7. Do you feel abnormally tired throughout the day?
8. Do you have overwhelming feelings of worthlessness, guilt, or hopelessness that things won’t improve?
9. Have you been thinking about death or suicide more than usual, or have you tried to commit suicide?
If you answered “yes” to questions 1 and/or 2, plus any four of the other questions, and these symptoms have persisted for at least two weeks with little change, you may be suffering from clinical depression.
Your doctor will also want to make sure that these symptoms are not due to what would be considered a normal reaction to a life situation, like a death in the family. It is completely normal to feel those things after a traumatic life event, unless those feelings persist for longer than two months without seeming to become easier to handle.
Additionally, the doctor will want to know whether these symptoms are causing you great difficulty in completing your normal daily activities. Depression is serious enough that it can cause a person to miss work and be unable to fulfill family obligations.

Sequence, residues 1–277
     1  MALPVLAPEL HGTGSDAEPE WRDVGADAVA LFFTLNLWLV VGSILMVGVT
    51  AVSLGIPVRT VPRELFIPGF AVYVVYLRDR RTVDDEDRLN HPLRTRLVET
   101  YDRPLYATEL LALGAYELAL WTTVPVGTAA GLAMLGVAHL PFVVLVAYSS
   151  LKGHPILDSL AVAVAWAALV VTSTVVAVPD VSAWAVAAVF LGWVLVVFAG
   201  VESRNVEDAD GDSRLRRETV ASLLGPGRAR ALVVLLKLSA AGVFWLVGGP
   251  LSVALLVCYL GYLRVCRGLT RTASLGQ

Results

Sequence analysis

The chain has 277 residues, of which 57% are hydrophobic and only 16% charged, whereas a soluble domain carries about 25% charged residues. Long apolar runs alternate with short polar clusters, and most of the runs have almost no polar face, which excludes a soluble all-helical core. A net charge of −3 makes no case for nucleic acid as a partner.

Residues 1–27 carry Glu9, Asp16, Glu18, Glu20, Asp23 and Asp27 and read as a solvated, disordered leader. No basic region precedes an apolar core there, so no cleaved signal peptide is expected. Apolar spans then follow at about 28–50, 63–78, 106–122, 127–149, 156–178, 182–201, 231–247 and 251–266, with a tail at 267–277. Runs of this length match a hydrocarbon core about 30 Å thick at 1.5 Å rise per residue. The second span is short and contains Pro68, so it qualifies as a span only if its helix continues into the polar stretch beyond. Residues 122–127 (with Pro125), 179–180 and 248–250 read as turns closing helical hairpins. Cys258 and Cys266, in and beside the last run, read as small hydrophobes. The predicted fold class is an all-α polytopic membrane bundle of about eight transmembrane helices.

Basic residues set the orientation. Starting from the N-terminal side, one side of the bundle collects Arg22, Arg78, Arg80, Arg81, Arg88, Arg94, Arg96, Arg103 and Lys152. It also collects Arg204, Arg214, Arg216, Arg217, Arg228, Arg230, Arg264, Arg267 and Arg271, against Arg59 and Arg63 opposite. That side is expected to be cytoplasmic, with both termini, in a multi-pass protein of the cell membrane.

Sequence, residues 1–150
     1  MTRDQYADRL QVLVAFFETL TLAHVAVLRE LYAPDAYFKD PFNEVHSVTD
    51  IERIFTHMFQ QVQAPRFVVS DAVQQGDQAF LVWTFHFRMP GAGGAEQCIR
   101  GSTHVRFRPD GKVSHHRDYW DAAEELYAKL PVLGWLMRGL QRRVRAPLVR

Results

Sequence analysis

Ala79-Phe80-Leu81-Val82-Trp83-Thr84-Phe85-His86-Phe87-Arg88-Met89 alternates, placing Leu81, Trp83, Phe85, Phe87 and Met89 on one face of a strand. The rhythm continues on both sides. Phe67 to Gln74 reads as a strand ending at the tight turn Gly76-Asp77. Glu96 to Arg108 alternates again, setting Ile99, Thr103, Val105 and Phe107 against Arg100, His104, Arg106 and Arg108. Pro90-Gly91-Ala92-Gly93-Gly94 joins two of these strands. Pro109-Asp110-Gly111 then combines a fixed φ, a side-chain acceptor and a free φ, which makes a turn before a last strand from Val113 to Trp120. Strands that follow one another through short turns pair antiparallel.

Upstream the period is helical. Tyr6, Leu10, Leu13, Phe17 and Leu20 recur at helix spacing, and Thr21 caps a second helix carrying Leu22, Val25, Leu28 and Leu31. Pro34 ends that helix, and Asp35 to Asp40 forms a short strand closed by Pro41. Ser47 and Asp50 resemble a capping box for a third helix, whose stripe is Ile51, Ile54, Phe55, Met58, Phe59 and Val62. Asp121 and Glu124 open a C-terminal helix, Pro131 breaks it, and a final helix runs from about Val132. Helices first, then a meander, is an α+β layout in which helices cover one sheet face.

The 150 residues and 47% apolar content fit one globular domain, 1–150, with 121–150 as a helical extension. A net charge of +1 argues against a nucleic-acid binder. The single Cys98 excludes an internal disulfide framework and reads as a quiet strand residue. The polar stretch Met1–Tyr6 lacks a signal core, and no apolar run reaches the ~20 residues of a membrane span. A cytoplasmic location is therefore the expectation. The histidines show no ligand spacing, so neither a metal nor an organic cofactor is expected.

People who suffer from depression are much more likely to suffer from other life threatening diseases, including diabetes, cancer, and heart disease. Much focus has been put on discovering why depressed patients are about four times as likely as their peers to suffer a heart attack within 14 years of their first depressive episode.
Underscoring the whole body effect of depression is the research finding that depressed patients have lower heart rate variability (HRV) than normal. HRV is lowered when the parasympathetic branch of the nervous system is not fully functioning, and people with low HRH are at high risk for suffering heart attacks.
The malfunctioning of the parasympathetic branch may be a key in understanding how mental perception of events that lead to depression affect the entire body.